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We are in a process of gradually replacing legacy data access code by entity framework (4.3.1). In some occasions we can't avoid using both ways of data access in one unit of work. Ideally, this should be done in one transaction. However, the old code uses SqlTransactions that call Commit() when a unit of work is done and EF manages its own transactions.

So we thought of wrapping "old" and "new" code in a TransactionScope. However, a Commit within a surrounding TransactionScope is always executed, even if the TransactionScope is not completed. This code snippet illustrates my problem:

using (var conn = new SqlConnection("connection string"))
{
  conn.Open();
  using (var scope = new TransactionScope())
  {
    using (var tr = conn.BeginTransaction())
    {
      using (var cmd = conn.CreateCommand())
      {
        cmd.Transaction = tr;
        cmd.CommandText = "some update statement";
        cmd.ExecuteNonQuery();
      }
      tr.Commit();
    }
    // In reality the code above is part of a legacy DAL, immutable.
    // (can't insert SaveChanges before tr.Commit).
    context.SaveChanges();
    if (<all ok>) // pseudo code for exception handling.
        scope.Complete(); 
  }
}

The update statement is still committed when scope.Complete() is not hit.

So as it seems, I can not use TransactionScope to force the old data access code and a SaveChanges from a context to execute in one transaction. Or is there a way to overrule the SqlTransaction.Commit statement?

I know that there are more posts here about TransactionScope and SqlTransaction, but they all (rightly) say that using SqlTransaction is not necessary (nor recommended) when using TransactionScope. But not using SqlTransaction is not an option here. We have a legacy framework that commits its own SqlTransactions and that has no api to hook into its transaction mechanism.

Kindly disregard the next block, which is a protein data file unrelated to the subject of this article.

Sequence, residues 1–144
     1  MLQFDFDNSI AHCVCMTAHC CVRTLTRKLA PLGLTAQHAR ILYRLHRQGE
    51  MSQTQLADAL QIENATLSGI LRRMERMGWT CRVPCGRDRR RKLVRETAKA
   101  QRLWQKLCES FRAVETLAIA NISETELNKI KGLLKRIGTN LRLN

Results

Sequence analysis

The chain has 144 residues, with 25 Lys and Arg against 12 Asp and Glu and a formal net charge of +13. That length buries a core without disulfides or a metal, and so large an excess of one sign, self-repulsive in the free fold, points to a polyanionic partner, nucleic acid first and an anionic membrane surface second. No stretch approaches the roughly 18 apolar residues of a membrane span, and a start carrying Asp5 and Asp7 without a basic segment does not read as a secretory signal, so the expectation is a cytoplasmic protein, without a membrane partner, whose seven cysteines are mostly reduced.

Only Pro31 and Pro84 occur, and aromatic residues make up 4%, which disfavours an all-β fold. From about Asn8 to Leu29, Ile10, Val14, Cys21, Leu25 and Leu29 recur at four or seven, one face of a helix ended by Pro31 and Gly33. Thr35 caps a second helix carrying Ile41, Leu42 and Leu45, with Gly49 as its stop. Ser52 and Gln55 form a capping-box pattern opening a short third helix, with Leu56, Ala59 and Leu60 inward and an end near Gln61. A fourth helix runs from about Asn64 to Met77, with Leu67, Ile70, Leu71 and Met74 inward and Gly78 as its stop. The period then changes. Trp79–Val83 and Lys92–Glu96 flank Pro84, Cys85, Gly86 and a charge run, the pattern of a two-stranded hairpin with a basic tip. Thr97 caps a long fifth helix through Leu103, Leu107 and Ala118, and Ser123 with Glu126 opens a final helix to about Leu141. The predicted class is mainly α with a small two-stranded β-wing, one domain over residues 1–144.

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Do you at least have access to connection? –  Ladislav Mrnka Jul 10 '12 at 18:47
    
@LadislavMrnka No, apart from the connection string in the config file. –  Gert Arnold Jul 10 '12 at 19:09

1 Answer 1

up vote 7 down vote accepted

The update statement is still committed when scope.Complete() is not hit.

Oh no!! The TransacationScope Is Not Being Used1.

Auto-enlist only works if the Connection is open after (or inside) the TransactionScope.

Putting the Open inside the TransactionScope should fix this issue (even with the manual transaction?) as the Connection will then [usually] auto-enlist in the ambient TS context.

An existing connection can be enlisted into the ambient transaction scope: connection.EnlistTransaction(Transaction.Current).

Alternatively, the TS can be created from an existing transaction, e.g. new TransactionScope(transaction), which may or may not be helpful here.

Creating a manual transaction if perfectly fine, but TS (after the gotchas are figured out!) makes dealing with transactions simpler and easier .. at least in most cases :)

Happy coding!


1 The TS isn't being used for "the update statement". It will still [likely] be used for context.SaveChanges() as that will open a new connection which is then auto-enlisted.

I have provided some options above, although I am unsure about the plain "nested" transaction. Seeing the (sealed?) API used in context might reveal more insights as to limitations/restrictions.

share|improve this answer
    
You are right! When I put the Open after the TS the TS is leading. And I would think that in reality this should also happen, because the connection is opened inside the old framework. But it still commits. I'll have to delve a bit deeper into what's going on there and see if one of your suggestions can fix this. Thanks, I'll come back to this. –  Gert Arnold Jul 10 '12 at 19:50
    
This brought me on the right track. I've found out that the old framework leaves connections open longer than it should. So it is impossible to use TransactionScope the way I'd like without changing the old code - which we're very reluctant to do. I'm afraid we have to. –  Gert Arnold Jul 11 '12 at 10:09

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